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Would Ford Ever sell Lincoln?

bigo08bigo08 Posts: 102
edited August 2014 in Ford
BMW could do so much with the Lincoln brand.. it could bring this ones prestige brand back to the top. wat do u guys could happen??


  • rockyleerockylee Wyoming, MichiganPosts: 13,993
    Why would BMW waste money on a luxury brand like Licoln, when themselves already got it right. :confuse:

  • Mr_ShiftrightMr_Shiftright Sonoma, CaliforniaPosts: 57,827
    I also don't see any logic to such a buy. I think BMW got themselves burned enough with Rover to stay away from dead brands. Lincoln has been so "not hot" since the 1930s that I personally am amazed it's still around.

    Revitalizing Lincoln is Ford's job alone I think.

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  • socala4socala4 Posts: 2,427
    I also don't see any logic to such a buy. I think BMW got themselves burned enough with Rover to stay away from dead brands. Lincoln has been so "not hot" since the 1930s that I personally am amazed it's still around.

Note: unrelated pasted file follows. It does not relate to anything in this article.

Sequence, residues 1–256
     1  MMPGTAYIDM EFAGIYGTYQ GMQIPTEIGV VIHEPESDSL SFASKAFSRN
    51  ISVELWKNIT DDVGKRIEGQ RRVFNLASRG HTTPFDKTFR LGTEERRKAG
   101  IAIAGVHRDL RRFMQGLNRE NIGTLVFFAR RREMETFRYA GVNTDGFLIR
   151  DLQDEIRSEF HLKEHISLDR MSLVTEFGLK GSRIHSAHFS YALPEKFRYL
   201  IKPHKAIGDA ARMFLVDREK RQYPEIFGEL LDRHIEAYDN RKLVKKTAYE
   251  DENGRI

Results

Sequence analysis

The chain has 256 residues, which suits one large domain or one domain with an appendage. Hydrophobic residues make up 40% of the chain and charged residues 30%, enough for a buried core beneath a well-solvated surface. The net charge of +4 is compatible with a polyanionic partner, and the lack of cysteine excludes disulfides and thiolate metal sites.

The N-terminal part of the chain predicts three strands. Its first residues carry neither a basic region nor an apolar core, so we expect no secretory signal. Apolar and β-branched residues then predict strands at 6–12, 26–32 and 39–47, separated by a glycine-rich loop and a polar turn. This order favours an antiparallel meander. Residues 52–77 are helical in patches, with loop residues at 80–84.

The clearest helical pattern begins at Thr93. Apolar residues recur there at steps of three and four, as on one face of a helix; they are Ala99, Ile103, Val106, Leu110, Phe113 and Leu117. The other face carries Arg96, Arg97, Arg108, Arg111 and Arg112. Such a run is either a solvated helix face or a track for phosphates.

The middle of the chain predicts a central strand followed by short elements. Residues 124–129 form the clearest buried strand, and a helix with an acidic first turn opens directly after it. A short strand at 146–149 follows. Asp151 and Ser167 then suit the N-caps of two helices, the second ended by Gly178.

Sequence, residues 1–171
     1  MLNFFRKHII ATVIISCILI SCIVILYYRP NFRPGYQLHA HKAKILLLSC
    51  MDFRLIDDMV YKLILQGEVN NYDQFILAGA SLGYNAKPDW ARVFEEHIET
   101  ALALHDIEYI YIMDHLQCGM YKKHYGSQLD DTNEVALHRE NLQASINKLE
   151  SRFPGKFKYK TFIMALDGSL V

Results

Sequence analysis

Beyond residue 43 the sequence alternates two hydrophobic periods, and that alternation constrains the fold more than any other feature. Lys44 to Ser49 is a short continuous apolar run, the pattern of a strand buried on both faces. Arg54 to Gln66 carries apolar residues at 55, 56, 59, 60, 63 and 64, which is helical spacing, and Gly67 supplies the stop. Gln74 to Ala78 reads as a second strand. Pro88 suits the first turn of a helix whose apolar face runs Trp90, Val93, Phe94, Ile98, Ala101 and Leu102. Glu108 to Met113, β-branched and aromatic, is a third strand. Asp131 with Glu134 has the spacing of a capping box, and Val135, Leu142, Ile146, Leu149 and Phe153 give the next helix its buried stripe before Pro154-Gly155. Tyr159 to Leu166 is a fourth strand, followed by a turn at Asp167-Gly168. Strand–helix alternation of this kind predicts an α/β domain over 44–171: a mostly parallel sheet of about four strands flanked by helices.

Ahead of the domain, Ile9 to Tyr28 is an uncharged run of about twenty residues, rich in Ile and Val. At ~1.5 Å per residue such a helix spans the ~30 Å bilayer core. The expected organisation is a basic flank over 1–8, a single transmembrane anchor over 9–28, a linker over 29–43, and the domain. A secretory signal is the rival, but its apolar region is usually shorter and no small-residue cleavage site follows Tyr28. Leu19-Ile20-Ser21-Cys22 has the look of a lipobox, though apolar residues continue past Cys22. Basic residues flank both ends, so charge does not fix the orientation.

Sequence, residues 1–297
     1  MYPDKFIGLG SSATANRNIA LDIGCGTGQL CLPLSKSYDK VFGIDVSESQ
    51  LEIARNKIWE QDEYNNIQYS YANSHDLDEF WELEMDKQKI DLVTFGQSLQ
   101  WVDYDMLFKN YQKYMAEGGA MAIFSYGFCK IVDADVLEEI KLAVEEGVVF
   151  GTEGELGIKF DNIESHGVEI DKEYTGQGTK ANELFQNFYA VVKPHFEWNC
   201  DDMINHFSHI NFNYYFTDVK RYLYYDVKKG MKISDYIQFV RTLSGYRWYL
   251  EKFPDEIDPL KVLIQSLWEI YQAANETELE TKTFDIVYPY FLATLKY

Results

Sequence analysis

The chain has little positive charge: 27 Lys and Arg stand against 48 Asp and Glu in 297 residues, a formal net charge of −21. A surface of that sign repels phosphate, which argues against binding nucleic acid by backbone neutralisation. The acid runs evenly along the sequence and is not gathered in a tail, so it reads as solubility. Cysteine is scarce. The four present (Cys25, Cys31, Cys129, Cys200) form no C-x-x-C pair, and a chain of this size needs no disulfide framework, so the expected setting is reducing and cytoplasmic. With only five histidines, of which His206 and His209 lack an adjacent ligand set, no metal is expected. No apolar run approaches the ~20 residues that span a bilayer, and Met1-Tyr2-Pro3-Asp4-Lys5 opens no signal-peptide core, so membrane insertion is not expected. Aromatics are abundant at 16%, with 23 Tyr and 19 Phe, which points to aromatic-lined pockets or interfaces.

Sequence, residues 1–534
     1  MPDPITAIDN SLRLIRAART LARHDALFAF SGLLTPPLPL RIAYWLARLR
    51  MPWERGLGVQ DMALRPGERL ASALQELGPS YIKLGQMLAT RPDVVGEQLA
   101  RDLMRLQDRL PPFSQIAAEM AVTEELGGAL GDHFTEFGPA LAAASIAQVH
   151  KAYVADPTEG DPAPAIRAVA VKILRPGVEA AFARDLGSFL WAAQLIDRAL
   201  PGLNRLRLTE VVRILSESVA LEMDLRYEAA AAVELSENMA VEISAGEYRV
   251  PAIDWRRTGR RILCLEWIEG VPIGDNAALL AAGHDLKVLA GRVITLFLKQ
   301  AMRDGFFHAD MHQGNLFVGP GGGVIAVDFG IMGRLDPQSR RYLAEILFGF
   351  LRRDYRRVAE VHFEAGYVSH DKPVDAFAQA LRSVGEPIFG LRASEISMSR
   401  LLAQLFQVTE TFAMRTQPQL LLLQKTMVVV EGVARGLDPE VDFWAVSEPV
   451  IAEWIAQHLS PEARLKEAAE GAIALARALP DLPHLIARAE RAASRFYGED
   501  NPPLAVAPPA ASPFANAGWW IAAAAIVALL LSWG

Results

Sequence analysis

Revitalizing Lincoln is Ford's job alone I think.

    I agree with that. Lincoln has no brand value, plant and equipment, R&D, distribution channel or locked-in market share that others either need or can't build on their own.

    The overall Ford business or an entire region's operations might be a worth acquisition target at some point, but a single nameplate doesn't offer anything of value to anyone. BMW can simply outcompete Lincoln, and wait for Lincoln's demographic to die off. Lincoln will need an image change with vehicles to match if it is to gain back its position as a status nameplate.